Policy Of Law To Encourage Compromise and Settlement

A settlement agreement is an agreement to terminate, by means of mutual concessions, a claim which is disputed in good faith or unliquidated[i].  It is an amicable method of settling or resolving bona fide differences or uncertainties and is designed to prevent or put an end to litigation.

Public policy favors settlement of litigation[ii].  It is well-settled public policy that settlement agreements are highly favored and will be enforced whenever possible[iii].  In Clark v. Kawasaki Motors Corp., U.S.A., 200 W. Va. 763 (W. Va. 1997), the court held that it is the policy of the law to uphold and enforce settlement contracts if they are fairly made and are not in contravention of some law or public policy.

Settlement agreements between parties to lawsuits are designed to put an end to litigation[iv].  The law favors the compromise and settlement of disputes without resort to litigation[v].  This view is applicable in courts of equity as well as in courts of law.  The courts have considered it their duty to encourage rather than to discourage parties in resorting to compromise as a mode of adjusting conflicting claims[vi].  In Joel v. Valley Surgical Ctr., 68 Cal. App. 4th 360, the court held that the courts are empowered to encourage settlements, thereby discouraging needless litigation and its attendant expense.

The law favors the voluntary resolution of disputes.  Accordingly, settlement agreements, including covenants not to sue, are encouraged by the court[vii].  In the absence of fraud or mistake, a settlement is as determinative of the parties’ rights and obligations as a judgment on the merits.  In M.H. Detrick Co. v. Century Indem. Co., 299 Ill. App. 3d 620 (Ill. App. Ct. 1st Dist. 1998), the court held that settlement agreements are encouraged and should be given their full force and effect.

The courts consider a settlement agreement as a contract, and construction and enforcement of settlement agreements are governed by principles of contract law[viii].  Accordingly, a settlement agreement is enforceable if there is an offer, an acceptance, and a meeting of the minds[ix].  If there is no ambiguity in the language of a settlement, the determination of the intent of the parties is governed by the contract language alone.

Settlement approval is within the court’s discretion, which should be exercised in light of the general judicial policy favoring settlement[x].  In determining whether to approve a stipulation for settlement, the court must first determine whether a valid settlement agreement has reached[xi].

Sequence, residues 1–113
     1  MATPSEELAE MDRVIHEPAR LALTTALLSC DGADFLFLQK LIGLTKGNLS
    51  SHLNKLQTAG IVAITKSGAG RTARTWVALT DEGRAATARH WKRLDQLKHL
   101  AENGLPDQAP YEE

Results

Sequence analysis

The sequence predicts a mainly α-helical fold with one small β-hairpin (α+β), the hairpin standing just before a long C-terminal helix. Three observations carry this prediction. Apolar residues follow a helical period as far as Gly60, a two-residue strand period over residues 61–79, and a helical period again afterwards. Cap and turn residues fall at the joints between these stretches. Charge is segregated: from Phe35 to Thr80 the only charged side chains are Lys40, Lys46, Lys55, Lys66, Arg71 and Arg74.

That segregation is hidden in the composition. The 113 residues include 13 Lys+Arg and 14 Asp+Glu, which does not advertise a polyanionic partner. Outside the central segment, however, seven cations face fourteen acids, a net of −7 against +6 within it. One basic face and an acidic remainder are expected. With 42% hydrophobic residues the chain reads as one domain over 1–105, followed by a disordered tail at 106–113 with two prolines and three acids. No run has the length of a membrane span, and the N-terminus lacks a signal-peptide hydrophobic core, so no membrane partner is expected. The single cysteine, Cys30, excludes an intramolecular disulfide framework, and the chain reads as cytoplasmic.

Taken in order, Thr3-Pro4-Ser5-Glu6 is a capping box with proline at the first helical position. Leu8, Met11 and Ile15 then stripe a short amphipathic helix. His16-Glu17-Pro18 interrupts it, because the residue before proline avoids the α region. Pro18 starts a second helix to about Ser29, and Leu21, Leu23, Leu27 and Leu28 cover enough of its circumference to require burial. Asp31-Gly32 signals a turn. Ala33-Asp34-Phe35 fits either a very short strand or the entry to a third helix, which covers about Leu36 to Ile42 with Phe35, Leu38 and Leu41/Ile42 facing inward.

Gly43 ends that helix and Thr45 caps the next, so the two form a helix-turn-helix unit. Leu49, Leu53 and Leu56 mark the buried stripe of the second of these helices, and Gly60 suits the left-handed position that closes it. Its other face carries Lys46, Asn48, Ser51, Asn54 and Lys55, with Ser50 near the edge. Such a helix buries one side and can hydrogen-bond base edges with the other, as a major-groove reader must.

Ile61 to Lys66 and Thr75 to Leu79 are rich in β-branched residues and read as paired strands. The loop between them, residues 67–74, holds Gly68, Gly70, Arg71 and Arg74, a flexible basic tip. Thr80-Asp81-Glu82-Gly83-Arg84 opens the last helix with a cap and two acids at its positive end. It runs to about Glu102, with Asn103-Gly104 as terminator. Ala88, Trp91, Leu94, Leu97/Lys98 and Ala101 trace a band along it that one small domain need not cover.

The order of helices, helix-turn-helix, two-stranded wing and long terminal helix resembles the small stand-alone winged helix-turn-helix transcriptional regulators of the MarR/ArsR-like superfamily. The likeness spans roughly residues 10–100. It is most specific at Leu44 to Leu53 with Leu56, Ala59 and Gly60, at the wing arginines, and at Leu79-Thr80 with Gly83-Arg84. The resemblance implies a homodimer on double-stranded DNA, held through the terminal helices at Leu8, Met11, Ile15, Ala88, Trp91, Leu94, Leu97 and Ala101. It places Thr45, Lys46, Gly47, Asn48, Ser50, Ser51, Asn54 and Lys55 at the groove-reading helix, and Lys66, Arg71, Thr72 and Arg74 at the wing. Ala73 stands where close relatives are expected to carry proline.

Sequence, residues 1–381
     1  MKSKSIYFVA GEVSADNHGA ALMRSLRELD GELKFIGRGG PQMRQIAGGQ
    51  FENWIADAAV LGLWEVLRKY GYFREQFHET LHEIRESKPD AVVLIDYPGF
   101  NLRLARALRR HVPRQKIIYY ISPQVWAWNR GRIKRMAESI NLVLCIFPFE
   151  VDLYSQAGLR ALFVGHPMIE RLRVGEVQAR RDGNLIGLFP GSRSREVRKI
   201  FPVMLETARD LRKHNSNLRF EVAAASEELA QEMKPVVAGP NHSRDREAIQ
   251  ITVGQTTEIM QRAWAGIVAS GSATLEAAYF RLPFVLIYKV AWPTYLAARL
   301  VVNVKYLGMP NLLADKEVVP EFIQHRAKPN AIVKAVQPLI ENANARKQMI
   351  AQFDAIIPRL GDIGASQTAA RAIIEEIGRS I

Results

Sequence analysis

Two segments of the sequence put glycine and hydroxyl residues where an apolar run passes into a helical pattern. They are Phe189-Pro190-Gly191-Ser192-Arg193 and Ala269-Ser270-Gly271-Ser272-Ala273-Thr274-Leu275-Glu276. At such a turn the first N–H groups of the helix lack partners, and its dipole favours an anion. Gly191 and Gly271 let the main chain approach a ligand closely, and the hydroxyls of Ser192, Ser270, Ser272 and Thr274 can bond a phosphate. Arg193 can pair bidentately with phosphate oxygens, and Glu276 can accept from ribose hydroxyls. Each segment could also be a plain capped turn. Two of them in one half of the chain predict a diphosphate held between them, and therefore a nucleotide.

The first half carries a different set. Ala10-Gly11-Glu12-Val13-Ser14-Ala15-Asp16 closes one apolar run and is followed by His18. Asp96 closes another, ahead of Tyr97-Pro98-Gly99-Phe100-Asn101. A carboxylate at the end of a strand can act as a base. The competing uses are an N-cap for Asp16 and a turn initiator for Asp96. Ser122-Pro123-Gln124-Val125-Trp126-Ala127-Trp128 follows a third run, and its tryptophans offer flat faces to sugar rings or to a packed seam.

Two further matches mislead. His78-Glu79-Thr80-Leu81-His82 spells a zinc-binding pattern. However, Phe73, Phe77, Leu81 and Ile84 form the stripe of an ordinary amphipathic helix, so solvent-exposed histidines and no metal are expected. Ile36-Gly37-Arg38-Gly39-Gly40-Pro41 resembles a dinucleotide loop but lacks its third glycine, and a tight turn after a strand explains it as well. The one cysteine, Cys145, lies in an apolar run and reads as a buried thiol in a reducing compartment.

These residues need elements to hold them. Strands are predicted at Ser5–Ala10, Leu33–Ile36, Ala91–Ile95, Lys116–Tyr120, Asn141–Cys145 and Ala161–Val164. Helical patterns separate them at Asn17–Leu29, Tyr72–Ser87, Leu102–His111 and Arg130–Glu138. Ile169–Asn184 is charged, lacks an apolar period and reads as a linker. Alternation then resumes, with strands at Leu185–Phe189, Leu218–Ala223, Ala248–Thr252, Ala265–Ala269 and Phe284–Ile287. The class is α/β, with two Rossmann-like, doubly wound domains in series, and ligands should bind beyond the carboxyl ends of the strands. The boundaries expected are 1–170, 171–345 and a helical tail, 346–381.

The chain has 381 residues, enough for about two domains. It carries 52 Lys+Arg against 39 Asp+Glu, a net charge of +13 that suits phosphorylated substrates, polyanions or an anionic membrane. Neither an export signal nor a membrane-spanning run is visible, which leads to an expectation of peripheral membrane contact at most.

In Leary v. Julian, 225 Ga. App. 472 (Ga. Ct. App. 1997), the court held that settlement agreements are highly favored under the law and will be upheld whenever possible as a means of resolving uncertainties and preventing lawsuits.  Further, an oral settlement reached between the parties is enforceable if the parties’ attorneys are vested with the power to enter into such agreements and do so before the court on behalf of the litigants, absent fraud, collusion, or express prohibition of such an agreement.  Thus, when it is undisputed that a settlement agreement is definite, certain, and unambiguous, the court is obligated to put an end to the litigation by making the settlement its own judgment[xii].

The Federal Rules of Civil Procedure provides that the court can direct parties and attorneys engaged in civil litigation to appear before a conference facilitating the settlement of the case[xiii].  Additionally, at any pretrial conference, consideration may be given and appropriate action may be taken with regard to settlement[xiv].  Further, Federal Rules of Civil Procedure authorizes the imposition of sanctions if a party or party’s attorney fails to participate in a pretrial settlement conference in good faith[xv].

[i] State Farm Fire & Cas. Co. v. Pacific Rent-All, Inc., 90 Haw. 315 (Haw. 1999)

[ii] Haderlie v. Sondgeroth, 866 P.2d 703 (Wyo. 1993)

[iii] In re Air Safety Int’l, LC, 326 B.R. 883

[iv] In re Frye, 216 B.R. 166, 172 (Bankr. E.D. Va. 1997)

[v] Stamie E. Lyttle Co. v. County of Hanover, 231 Va. 21(Va. 1986)

[vi] Sanders v. Roselawn Memorial Gardens, 152 W. Va. 91 (W. Va. 1968)

[vii] Castlewood Prop. Owners Ass’n v. Trepton, 720 N.E.2d 10 (Ind. Ct. App. 1999)

[viii] Emmons v. Superior Court, 192 Ariz. 509 (Ariz. Ct. App. 1998)

[ix] M.H. Detrick Co. v. Century Indem. Co., 299 Ill. App. 3d 620 (Ill. App. Ct. 1st Dist. 1998)

[x] In re Sumitomo Copper Litig., 189 F.R.D. 274 (S.D.N.Y. 1999)

[xi] In re Air Safety Int’l, LC, 326 B.R. 883

[xii] Leary v. Julian, 225 Ga. App. 472 (Ga. Ct. App. 1997)

[xiii] USCS Fed Rules Civ Proc R 16 (a) (5)

[xiv] USCS Fed Rules Civ Proc R 16 (c) (9)

[xv] Guillory v. Domtar Indus., 95 F.3d 1320 (5th Cir. La. 1996)


Inside Policy Of Law To Encourage Compromise and Settlement